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Temporary Tax Laws And Impermanent Ones

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Much has been made about the permanent tax cuts for corporations contained in the legislation signed by President Trump last week, in contrast to the temporary cuts that apply to many of the rules affecting individuals.

It’s actually much ado about very little. There is never anything “permanent” about a tax law; the income tax statutes alone have changed dozens of times since the modern tax was first enacted in 1913. Corporate tax laws change just as often – and this doesn’t even consider the varying pronouncements and positions of the tax authorities and interpretations by the courts, which sometimes change the treatment of certain tax positions even without amendments to the underlying laws.

Most of the temporary items in the new tax law are scheduled to expire in or close to 2025, a target that was chosen to keep the bill’s projected cost within parameters set by Senate budget rules. But in practice, I think the shelf life of many of those changes is no more than three years.

Suppose Democrats captured control of both houses of Congress in next year’s elections. They would almost certainly pass bills undoing significant parts of this year’s law, but to no effect. President Trump (or President Pence, should anything happen to curtail Trump’s presidency) would veto the effort. The entire exercise would be mainly posturing for the 2020 elections.

But should Democrats capture the White House in that election, all bets are effectively off. GOP control of at least one house of Congress would be almost essential to prevent some changes, such as boosting the top marginal income tax rate and rolling back the individual exemption from estate and gift taxes, which the new law doubles to more than $11 million per person. Democrats would surely raise, if not remove, the cap on deductions for state and local taxes, which falls most heavily on residents of the high-tax states that their party tends to dominate. The obvious trade-off would be a significant boost in the top marginal tax rate, and probably a broadening of the individual Alternative Minimum Tax that Republicans lacked the fiscal space to repeal.

The “permanent” corporate tax changes will be more difficult to undo completely, and it is not likely that Democrats will want to try anyway. There is probably little appetite in either party to return to a system in which most corporate profits earned abroad are heavily taxed upon repatriation; that is how more than $2 trillion on U.S. corporate balance sheets was locked away from productive investment here at home. Now, with a relatively low corporate tax rate of 21 percent and a “territorial” system in which the United States taxes only the profits earned within its borders, there is greater incentive to shift profits back to the U.S. and redeploy the funds more rapidly.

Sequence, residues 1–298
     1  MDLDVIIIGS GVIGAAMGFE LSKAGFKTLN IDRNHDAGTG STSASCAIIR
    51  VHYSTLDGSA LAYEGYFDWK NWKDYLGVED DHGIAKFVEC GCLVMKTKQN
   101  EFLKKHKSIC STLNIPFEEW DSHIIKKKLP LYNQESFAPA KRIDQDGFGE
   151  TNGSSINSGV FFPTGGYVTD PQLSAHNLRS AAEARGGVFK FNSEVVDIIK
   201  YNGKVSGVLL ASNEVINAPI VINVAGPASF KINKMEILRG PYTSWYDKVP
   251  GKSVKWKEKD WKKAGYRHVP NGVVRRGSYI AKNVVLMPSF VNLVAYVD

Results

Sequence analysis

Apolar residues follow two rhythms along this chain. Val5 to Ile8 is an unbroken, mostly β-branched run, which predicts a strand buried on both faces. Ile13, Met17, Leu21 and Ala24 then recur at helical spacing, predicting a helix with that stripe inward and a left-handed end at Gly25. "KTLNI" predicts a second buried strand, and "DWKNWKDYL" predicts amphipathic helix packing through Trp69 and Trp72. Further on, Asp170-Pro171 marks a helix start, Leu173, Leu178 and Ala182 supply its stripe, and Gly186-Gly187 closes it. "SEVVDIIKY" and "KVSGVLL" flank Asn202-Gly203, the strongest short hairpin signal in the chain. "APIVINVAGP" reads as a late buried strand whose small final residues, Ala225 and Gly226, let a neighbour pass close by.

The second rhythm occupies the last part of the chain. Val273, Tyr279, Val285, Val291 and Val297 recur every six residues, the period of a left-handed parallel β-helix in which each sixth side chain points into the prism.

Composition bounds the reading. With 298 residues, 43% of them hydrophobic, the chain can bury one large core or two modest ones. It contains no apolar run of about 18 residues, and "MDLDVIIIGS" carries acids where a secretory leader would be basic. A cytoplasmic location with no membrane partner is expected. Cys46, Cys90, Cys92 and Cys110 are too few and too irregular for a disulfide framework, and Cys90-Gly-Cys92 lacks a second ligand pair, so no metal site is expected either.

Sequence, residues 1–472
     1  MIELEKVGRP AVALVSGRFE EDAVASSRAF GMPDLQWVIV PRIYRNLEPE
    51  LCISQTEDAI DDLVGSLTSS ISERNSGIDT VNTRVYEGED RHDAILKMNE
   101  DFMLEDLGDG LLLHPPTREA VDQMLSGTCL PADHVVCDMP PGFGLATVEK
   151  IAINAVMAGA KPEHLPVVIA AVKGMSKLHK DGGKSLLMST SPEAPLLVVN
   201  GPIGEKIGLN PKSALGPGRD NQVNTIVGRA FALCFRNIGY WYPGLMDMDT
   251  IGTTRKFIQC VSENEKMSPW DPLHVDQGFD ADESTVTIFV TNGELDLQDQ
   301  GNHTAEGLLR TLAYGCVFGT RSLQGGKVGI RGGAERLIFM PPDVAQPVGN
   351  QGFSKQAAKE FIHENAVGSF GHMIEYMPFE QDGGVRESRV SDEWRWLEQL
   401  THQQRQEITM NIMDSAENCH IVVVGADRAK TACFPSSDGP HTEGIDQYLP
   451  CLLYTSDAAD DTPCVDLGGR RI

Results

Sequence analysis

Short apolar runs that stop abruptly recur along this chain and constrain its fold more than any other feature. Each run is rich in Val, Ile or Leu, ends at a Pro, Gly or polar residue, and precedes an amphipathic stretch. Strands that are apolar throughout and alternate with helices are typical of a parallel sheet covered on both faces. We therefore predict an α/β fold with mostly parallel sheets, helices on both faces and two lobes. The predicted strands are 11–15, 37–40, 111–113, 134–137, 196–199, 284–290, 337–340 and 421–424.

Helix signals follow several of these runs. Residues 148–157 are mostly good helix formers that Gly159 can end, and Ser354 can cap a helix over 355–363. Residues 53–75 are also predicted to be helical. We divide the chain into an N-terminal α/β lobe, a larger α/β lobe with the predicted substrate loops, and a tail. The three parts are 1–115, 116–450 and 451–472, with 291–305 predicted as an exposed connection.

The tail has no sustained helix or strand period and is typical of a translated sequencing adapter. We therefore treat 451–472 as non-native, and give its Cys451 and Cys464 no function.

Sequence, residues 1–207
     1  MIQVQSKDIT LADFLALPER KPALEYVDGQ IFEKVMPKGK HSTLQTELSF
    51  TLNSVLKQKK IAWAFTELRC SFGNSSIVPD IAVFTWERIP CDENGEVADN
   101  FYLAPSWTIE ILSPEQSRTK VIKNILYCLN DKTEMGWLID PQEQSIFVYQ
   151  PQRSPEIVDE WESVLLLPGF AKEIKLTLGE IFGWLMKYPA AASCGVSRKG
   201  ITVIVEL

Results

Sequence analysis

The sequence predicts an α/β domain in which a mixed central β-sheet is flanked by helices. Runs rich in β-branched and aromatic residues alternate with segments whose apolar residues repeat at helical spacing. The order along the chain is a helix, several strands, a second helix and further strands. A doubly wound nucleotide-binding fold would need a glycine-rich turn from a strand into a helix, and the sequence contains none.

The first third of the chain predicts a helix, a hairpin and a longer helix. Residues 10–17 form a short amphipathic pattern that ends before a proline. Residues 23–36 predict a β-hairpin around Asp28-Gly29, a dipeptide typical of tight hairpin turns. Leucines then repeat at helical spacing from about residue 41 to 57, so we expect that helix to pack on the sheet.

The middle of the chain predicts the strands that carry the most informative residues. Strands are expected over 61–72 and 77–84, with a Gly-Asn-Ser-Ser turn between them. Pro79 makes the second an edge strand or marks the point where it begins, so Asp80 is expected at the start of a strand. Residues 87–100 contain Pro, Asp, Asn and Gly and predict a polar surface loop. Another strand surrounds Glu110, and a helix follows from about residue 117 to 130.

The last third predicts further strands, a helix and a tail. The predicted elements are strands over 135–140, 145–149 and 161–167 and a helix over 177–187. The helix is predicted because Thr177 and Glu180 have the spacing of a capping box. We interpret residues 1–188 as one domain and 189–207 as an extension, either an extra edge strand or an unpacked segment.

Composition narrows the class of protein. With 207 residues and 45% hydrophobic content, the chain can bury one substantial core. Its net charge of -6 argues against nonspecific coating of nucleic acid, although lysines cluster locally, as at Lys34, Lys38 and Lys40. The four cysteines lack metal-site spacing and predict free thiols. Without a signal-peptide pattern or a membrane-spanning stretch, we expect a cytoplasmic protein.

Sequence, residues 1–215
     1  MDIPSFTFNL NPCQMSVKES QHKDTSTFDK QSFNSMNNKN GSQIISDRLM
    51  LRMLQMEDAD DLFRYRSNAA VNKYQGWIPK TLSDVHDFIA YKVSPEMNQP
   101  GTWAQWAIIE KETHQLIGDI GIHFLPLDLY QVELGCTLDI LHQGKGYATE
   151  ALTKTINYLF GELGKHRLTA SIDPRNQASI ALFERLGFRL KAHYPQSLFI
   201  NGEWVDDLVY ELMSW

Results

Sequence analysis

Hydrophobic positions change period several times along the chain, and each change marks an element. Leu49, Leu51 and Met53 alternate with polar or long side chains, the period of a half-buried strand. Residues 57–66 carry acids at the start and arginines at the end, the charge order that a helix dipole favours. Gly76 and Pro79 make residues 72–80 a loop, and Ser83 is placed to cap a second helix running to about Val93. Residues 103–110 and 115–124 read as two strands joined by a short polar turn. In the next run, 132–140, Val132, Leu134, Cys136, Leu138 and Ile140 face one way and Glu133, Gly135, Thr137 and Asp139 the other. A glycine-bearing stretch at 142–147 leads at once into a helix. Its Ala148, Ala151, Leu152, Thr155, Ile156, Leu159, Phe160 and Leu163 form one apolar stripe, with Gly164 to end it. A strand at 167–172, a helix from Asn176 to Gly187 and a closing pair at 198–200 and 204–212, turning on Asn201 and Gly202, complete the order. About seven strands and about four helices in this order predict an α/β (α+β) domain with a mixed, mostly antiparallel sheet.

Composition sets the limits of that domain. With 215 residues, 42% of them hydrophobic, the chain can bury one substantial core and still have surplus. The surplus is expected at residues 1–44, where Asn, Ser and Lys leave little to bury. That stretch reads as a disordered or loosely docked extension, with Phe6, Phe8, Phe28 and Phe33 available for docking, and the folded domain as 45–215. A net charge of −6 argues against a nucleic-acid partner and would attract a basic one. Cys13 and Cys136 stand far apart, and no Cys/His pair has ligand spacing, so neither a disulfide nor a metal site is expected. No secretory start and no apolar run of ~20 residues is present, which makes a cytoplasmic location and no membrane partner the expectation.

We would more likely see tweaks such as raising the corporate tax rate to 25 percent and further restricting the deductibility of interest expense. These changes would not fundamentally alter most business planning, but they would raise significant money for Democratic priorities.

Tax laws are a moving target, best aimed at from short range. Multiyear tax planning has some value, but mainly when it is combined with enough flexibility to adapt to changing tax rules and economic conditions.

When tax conditions are favorable – and in many ways, beginning in 2018, they are very favorable – it is often wise to strike quickly. A prime example is the aforementioned boost in the estate and gift tax exemption. A married couple with substantial wealth can now move at least an additional $11 million to younger generations, free of the statutory 40 percent tax. That’s a savings of $4.4 million over the 2017 regime, plus additional benefit as future growth of that wealth escapes tax at the transferor’s generation.

As written, this increased exemption will stay in force (with increases tied to inflation) through 2025, before reverting to the prior law’s levels. But it is liable to be a prime target for a Democratic president and Congress taking office in 2021, should that come to pass. So I would treat this opportunity as one with just a three-year assured life, and I am going to encourage my clients to take maximum advantage of it during that window. Use it or risk losing it.

Opportunism in tax planning is usually a good thing, and it is best to remember that there is no such thing as a “permanent” tax cut, no matter what label its authors give it.

That’s true of any advantageous tax situation.

Larry M. Elkin is the founder and president of Palisades Hudson, and is based out of Palisades Hudson’s Fort Lauderdale, Florida headquarters. He wrote several of the chapters in the firm’s book, Looking Ahead: Life, Family, Wealth and Business After 55. His contributions include Chapter 1, “Looking Ahead When Youth Is Behind Us” and Chapter 4, “The Family Business."

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